Image Courtesy of Alain Picard
Ordinary colour comes from normal chemicals that absorb some wavelengths of light and reflect others. An example of this is chlorophyll, which colours plants green. It soaks up the blue and red colours, but not the green, which is what you see when it bounces back to your eye.
Structural colour is where things get more interesting. This is dependent on the specific structure of the individual butterflies' wings. The colour can shift as the observer moves, an effect known as iridescence. You can also see this shimmery effect when looking through soap bubbles. It occurs when light passes through a transparent, muiltlayered surface and is reflected more than once. The multiple reflections intensify the colours. This gives butterflies their trademark glittery beauty.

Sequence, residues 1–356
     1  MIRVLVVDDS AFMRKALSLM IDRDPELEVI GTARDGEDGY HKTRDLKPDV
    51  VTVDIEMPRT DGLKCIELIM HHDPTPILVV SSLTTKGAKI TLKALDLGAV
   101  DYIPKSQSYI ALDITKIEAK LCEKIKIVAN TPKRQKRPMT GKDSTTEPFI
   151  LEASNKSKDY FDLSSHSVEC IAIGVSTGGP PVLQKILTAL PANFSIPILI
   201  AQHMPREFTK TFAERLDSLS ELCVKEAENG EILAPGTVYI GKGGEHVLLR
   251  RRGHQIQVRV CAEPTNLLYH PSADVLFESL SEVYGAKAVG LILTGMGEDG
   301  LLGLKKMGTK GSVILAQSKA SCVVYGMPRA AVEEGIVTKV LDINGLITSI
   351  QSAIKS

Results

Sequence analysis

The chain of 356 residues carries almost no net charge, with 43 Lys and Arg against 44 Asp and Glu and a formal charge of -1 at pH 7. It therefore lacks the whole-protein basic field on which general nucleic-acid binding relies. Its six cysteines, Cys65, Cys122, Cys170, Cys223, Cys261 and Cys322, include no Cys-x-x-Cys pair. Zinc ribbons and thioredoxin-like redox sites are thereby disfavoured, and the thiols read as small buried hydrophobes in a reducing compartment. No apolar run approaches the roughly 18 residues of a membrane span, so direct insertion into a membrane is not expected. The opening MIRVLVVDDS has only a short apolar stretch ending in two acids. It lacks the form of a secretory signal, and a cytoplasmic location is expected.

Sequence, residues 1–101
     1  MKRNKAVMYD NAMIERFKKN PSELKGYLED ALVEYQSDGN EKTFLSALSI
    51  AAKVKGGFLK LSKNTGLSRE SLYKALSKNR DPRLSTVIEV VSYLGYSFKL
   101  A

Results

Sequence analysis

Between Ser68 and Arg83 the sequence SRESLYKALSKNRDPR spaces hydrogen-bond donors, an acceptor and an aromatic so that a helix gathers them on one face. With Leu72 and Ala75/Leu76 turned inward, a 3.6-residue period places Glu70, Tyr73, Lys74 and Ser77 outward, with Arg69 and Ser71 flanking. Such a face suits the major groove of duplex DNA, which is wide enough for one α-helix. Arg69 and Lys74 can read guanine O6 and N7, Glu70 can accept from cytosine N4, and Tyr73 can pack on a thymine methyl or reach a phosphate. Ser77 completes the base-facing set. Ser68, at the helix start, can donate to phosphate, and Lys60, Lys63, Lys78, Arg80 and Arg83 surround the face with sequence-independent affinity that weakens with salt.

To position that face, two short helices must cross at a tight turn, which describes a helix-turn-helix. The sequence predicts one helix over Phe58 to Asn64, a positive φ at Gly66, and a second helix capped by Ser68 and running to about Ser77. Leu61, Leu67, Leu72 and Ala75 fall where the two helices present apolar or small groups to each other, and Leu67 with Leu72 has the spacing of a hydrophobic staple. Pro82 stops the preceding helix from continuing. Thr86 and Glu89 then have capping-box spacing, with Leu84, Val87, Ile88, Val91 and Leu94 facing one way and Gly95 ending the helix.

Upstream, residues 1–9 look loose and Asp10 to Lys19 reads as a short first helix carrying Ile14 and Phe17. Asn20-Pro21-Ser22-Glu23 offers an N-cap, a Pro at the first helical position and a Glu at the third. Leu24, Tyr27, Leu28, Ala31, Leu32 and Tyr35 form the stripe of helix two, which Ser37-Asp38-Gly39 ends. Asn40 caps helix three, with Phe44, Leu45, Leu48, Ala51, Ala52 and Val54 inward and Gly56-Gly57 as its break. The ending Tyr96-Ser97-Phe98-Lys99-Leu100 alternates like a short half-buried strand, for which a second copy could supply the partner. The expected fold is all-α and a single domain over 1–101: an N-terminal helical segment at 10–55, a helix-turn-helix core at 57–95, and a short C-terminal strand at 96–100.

8) Their wings are actually transparent